Dean Baker easily could have gone into academia, or sold out and gone on to make big bucks consulting in the private sector. Instead he did neither, choosing to work in the less prestigious, less-highly-paid world of liberal Washington think tanks. The reason is that he cared about the American working class, and wanted to dedicate his life to fighting on their behalf. This is extremely laudable.
However, that doesn't mean I always agree with Dean's ideas for helping the working class. In the last month, he has written a number of pieces with an anti-immigration slant. For example, on Feb. 2, he wrote this:
It's true that a declining population means that labor will be in shorter supply. That means that the least productive jobs will go unfilled. That is the way economies develop and the reason that half of our workforce is no longer employed in agriculture. In the U.S. this would mean that we might have fewer restaurants and the convenience stores won't be open all night. In Japan, perhaps they won't be able to find workers to shove people into the subway cars in Tokyo. What's the problem?...
This is not to argue against immigration or immigration reform. The way we treat people who came to this country to work...is an outrage and is bad for the economy. However readers deserve a more serious discussion of the issues involved...
Some immigration to the country undoubtedly provides economic benefits. However in nearly all cases there will be winners and losers. For example, a large flow of immigrants at the low-end of the labor force will hurt the people who have recently immigrated to the country. Some of us may not consider that a good thing.On January 19, he wrote a piece saying that China's declining working-age population is good for wages (implying that the same would be true for us). And on February 26, he wrote an article for the Guardian, again calling for shrinking working-age populations:
There is no reason why the prospect of a stagnant or declining workforce should concern the vast majority of people...
The people who hire help – the very same who also dominate economic policy debates – are terrified over the prospect that they will have to pay workers more in the future.
But the rest of us can sit back and enjoy watching them sweat as ordinary workers may finally start to see their share of the gains of the economic growth of the last three decades.The anti-immigration implications of this argument should be extremely clear. If shrinking labor forces lead to higher wages, then large-scale immigration will depress wages. Hence, we should consider immigration restrictions as a way to boost working-class wages. Some other liberal think-tankers, such as Jared Bernstein, have been writing pieces in the same vein. I call this view "labor protectionism".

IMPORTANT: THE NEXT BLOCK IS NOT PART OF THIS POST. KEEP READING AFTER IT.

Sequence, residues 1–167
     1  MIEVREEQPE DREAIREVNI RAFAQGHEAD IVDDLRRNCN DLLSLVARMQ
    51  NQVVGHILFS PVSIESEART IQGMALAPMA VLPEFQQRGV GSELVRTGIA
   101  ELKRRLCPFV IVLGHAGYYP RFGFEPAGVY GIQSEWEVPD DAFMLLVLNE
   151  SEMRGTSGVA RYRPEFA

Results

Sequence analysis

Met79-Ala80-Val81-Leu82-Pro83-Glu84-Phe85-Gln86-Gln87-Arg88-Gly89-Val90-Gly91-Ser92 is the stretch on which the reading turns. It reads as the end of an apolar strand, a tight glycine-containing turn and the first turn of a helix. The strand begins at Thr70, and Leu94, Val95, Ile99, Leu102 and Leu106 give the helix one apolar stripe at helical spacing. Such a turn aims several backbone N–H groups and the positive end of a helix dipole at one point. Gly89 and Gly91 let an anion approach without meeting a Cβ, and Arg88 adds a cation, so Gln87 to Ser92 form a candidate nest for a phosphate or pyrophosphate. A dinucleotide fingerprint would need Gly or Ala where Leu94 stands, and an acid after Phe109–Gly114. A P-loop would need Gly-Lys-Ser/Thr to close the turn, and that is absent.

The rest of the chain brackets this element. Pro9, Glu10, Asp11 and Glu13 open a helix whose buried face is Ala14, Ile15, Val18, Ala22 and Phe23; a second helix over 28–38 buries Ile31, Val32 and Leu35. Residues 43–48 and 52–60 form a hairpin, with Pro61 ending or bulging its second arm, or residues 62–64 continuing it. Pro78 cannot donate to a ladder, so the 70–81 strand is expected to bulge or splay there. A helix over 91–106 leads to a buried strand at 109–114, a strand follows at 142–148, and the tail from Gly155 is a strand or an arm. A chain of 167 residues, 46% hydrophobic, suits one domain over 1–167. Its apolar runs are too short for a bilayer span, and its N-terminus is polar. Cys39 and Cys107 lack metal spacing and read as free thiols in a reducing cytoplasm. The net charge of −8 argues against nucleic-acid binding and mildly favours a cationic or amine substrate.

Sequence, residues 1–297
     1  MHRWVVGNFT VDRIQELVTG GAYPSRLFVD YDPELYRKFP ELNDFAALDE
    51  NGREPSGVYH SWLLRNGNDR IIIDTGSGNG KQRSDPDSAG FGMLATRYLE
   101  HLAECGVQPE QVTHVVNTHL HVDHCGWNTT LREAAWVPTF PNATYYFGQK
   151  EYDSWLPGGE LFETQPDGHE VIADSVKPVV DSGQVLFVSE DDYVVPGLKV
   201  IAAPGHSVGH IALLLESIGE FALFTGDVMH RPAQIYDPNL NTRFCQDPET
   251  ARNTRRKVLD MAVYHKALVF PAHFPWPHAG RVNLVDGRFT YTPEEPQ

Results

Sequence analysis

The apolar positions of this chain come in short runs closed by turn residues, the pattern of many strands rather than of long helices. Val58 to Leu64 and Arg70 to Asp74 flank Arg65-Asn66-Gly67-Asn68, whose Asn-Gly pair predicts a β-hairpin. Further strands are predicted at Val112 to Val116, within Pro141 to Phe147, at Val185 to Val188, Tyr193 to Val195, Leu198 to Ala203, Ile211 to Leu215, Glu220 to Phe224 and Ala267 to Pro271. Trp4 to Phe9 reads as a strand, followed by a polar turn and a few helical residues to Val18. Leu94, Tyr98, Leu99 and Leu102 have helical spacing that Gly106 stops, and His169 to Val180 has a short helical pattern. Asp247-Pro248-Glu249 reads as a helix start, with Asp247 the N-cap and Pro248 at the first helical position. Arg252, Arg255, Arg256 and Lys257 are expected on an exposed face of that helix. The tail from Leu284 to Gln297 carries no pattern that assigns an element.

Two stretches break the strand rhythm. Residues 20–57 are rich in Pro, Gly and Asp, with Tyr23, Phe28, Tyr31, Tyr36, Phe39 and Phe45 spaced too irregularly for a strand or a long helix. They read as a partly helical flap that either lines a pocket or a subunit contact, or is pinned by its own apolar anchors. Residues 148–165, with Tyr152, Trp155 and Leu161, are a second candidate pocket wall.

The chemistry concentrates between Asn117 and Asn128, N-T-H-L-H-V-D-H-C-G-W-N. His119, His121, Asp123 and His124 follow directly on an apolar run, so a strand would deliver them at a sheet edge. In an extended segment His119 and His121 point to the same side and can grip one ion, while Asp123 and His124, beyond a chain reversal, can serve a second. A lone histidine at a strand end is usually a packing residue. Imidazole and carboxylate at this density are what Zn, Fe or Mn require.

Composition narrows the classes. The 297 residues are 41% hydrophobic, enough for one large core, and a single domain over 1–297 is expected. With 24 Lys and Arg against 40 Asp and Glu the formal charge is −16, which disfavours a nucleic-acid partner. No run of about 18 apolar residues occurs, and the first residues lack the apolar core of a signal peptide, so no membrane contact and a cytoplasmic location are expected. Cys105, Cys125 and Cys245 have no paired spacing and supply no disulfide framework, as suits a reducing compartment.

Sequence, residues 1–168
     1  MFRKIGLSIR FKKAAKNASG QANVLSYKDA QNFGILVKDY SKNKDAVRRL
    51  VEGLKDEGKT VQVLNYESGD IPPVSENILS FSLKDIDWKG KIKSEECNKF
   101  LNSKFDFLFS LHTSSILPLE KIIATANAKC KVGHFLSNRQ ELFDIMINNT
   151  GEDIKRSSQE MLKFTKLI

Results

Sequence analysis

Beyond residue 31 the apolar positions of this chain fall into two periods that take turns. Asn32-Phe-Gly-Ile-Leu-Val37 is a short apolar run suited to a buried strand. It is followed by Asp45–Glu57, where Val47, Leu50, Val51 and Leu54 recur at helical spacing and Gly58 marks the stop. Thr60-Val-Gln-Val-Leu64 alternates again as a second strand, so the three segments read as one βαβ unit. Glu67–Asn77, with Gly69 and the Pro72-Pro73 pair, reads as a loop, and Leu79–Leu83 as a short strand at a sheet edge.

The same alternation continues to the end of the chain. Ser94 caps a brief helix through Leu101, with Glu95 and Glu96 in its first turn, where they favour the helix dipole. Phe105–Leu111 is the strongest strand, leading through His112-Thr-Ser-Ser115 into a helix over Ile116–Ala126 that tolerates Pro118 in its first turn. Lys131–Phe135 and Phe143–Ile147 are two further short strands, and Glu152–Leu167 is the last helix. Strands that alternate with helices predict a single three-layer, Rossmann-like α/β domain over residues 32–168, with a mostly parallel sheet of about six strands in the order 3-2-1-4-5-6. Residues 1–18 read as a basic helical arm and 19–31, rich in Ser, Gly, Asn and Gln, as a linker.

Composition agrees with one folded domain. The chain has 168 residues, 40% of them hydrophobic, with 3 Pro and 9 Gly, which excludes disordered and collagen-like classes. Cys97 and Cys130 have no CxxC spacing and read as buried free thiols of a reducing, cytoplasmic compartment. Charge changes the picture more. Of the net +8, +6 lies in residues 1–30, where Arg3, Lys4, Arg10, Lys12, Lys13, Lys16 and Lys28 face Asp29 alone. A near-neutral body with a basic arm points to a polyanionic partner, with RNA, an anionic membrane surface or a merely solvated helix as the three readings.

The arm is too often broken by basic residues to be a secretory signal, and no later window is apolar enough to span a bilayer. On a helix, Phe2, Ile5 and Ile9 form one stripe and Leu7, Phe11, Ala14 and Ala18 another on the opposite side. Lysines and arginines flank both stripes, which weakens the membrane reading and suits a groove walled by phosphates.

There are four big, big reasons why I think that "labor protectionism" is a very bad idea, and should be dropped from the policy platform of American liberalism.
Reason 1: Agglomeration Economies
We are not living in an Econ 101 world, in which most people are employed as farmers, working the land. Instead, we live in a world with "increasing returns to scale", where economic activity gets a productivity boost from being concentrated. We also live in a world with transport costs, where companies want to put their offices and factories where the workers and customers are, and workers and customers want to live close to where they can get goods cheaply. These facts are summarized by Paul Krugman's theory of "New Economic Geography," for which he won the Nobel Prize.
But also, we live in a world in which knowledge economies are of extreme importance; when people cluster together in cities, their productivity goes up because of the accidental (and purposeful) exchange of knowledge and ideas.
For these reasons, the vast bulk of America's GDP is produced in extremely densely populated cities. Check out this infographic:
A casual glance shows that America's output is highly concentrated in big cities like New York and L.A. Studies confirm that living in a big city increases a worker's productivity by a substantial fraction.
If we were to kick a bunch of working-class people out of NYC, would NYC wages rise for the working-class people who were left, because of an artificial shortage of low-skilled labor? Maybe. But if we did this too much, NYC would start to lose its huge productivity advantage, and the tactic would backfire, reducing the wages of the working-class people who remained (to say nothing of the people who got kicked out).
Now realize that our modern world is very globalized. Much of our economy depends on trade (in fact, much more than the percent of GDP directly taken up by trade!). In the global economy, agglomeration economies mean that capital will flow to the country where the most productive workers and the densest, highest-purchasing-power markets reside. In other words, immigration helps us remain at the center of the global economy.
Reason 2: Politics